Losing My Place: The Reality of Childhood with a Brain Tumour published today

Losing My Place: The Reality of Childhood with a Brain Tumour, the third report from our Life with a Brain Tumour project – the most comprehensive study of its kind, is published today.

All three reports provide an extensive evidence base to inform improvements and innovations across our services.

They will be used to help us ensure policy makers, healthcare professionals and the public understand the realities of a disease that affects people of all ages.

Losing My Place is based on a survey of almost 300 young people and their parents following a childhood brain tumour diagnosis.

These contributions provide a unique insight into the suffering that childhood brain tumours cause for children, young people and their families.

They tell stories of courage and perseverance when a child is forced to miss out on so much of what the world has to offer; when they are alone whilst others are making friends, hatching plans and falling in love; when they cannot keep up in school and life at home is forever changed; when they find they are facing death, before their life has really begun.

The report also examines the impact on the lives of carers and other family members − they too may face adjustment to a new position within the fabric of family and daily life.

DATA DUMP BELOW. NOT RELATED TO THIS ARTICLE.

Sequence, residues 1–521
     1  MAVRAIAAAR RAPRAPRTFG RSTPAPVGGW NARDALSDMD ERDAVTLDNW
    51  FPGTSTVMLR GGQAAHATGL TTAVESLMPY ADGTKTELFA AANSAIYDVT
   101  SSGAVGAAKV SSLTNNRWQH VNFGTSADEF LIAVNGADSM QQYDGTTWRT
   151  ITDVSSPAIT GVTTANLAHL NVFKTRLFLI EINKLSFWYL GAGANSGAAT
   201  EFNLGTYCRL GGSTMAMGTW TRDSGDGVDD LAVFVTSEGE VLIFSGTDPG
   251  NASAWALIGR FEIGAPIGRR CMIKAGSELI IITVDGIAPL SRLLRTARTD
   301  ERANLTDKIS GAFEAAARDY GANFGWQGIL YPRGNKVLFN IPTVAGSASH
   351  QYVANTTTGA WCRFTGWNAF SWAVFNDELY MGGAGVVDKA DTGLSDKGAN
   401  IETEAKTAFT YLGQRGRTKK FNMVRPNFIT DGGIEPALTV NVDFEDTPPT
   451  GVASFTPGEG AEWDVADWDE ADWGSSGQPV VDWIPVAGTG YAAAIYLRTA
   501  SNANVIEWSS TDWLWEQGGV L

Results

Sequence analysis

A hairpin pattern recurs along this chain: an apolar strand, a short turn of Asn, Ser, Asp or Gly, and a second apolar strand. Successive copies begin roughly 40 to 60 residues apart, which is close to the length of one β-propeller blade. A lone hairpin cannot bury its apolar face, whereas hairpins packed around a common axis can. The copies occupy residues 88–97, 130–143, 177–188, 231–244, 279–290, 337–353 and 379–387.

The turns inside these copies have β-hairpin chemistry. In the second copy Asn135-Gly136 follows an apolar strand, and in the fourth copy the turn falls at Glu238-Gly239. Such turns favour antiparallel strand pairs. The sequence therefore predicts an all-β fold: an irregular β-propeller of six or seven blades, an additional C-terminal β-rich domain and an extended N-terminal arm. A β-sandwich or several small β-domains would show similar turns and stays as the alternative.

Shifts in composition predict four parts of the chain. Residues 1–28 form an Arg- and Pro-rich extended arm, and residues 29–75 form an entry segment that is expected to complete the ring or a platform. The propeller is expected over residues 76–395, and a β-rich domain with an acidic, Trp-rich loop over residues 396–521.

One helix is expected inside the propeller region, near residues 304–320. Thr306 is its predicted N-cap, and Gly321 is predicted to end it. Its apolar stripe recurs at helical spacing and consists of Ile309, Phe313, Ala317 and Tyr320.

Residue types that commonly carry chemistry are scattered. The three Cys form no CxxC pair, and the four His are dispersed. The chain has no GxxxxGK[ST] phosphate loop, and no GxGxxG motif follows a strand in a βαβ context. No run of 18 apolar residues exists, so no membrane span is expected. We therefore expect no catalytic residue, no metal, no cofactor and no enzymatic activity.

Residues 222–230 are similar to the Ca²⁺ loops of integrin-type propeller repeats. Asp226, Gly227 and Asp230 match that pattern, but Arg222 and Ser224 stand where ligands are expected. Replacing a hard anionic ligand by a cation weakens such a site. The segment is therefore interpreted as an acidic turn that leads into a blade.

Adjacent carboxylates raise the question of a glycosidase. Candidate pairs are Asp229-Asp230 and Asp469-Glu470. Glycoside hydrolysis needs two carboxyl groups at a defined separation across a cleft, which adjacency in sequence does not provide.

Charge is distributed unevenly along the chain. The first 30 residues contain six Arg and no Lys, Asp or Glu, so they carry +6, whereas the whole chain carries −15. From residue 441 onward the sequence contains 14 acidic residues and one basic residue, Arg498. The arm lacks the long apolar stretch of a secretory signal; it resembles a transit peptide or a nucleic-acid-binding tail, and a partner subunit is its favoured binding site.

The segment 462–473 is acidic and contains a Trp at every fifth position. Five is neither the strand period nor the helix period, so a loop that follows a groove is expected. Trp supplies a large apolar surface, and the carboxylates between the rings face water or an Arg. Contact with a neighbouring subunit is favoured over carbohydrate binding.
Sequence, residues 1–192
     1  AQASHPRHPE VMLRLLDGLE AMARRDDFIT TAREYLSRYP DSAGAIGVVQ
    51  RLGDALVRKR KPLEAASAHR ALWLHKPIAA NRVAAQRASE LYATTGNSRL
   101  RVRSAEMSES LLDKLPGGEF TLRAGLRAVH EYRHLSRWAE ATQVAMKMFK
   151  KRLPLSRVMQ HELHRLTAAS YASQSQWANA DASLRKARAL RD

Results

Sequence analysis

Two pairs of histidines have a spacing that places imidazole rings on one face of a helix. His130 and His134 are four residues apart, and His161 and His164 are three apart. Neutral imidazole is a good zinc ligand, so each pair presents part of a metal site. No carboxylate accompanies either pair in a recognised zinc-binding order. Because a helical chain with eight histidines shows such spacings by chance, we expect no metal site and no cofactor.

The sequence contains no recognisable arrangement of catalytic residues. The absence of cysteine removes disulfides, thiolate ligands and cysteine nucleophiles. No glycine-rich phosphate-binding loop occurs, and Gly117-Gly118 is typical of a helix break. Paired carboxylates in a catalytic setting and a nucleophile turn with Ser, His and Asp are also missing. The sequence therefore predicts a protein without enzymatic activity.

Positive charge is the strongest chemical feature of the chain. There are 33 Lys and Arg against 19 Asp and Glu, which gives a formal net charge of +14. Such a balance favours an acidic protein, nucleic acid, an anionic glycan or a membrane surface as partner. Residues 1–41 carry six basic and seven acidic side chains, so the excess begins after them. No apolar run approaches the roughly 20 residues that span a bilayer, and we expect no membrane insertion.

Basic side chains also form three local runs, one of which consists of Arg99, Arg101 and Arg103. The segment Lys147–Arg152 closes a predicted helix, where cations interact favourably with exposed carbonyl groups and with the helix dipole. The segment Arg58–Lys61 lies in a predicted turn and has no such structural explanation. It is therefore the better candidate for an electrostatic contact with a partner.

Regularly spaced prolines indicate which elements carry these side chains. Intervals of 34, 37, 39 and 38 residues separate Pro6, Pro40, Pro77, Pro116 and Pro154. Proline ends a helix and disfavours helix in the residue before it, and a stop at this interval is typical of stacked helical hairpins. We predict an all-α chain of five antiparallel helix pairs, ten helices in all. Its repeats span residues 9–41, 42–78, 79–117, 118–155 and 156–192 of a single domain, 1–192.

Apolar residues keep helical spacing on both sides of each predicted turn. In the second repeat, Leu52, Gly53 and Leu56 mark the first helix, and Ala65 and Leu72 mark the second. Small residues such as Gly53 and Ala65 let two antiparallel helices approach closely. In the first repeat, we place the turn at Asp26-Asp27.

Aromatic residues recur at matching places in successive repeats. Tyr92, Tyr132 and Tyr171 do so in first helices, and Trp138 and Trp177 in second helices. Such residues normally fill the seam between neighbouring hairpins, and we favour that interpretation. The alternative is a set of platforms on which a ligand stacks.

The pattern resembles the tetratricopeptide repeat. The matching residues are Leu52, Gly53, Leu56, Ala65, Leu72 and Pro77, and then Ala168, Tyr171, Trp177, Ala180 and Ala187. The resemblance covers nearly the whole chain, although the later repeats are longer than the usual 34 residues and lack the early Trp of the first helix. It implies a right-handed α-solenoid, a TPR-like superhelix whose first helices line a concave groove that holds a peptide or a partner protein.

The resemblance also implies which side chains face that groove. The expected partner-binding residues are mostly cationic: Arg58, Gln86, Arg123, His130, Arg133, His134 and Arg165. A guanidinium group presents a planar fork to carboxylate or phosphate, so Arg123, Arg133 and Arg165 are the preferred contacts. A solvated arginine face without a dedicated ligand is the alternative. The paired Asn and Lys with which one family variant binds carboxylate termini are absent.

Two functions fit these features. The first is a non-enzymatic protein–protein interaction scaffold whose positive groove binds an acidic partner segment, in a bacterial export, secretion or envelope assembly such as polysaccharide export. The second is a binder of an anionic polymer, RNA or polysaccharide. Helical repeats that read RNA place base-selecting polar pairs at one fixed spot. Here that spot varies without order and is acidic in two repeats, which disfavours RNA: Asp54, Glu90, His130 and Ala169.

Among the children and young people who responded:

  • More than eight out of ten (84%) said their brain tumour had made them feel lonely
  • Seven out of ten (70%) said they had difficulty doing things outside the house
  • More than a third (36%) of those who had symptoms said they experienced difficulties with thinking, concentrating and processing information
  • Three out of ten of those with symptoms reported changes to their personality

Among parents and carers:

  • Almost three quarters said their child's brain tumour had had a moderate or severe impact on their own mental health
  • 90% said they felt lonely or isolated as a result of their child's brain tumour diagnosis
  • 95% of those with more than one child said siblings' lives had been affected by the diagnosis

In the report, Jessica Mitchell says: “Our youngest son was only ten weeks old when Dylan was diagnosed so he knows no different.

“But my oldest son, who is six, has become more and more withdrawn because Dylan takes all of our attention. He is suffering at school."

Losing My Place is vital research for assisting us in our effort to achieve a deeper understanding of the needs of, and challenges faced by, children, young people and their families.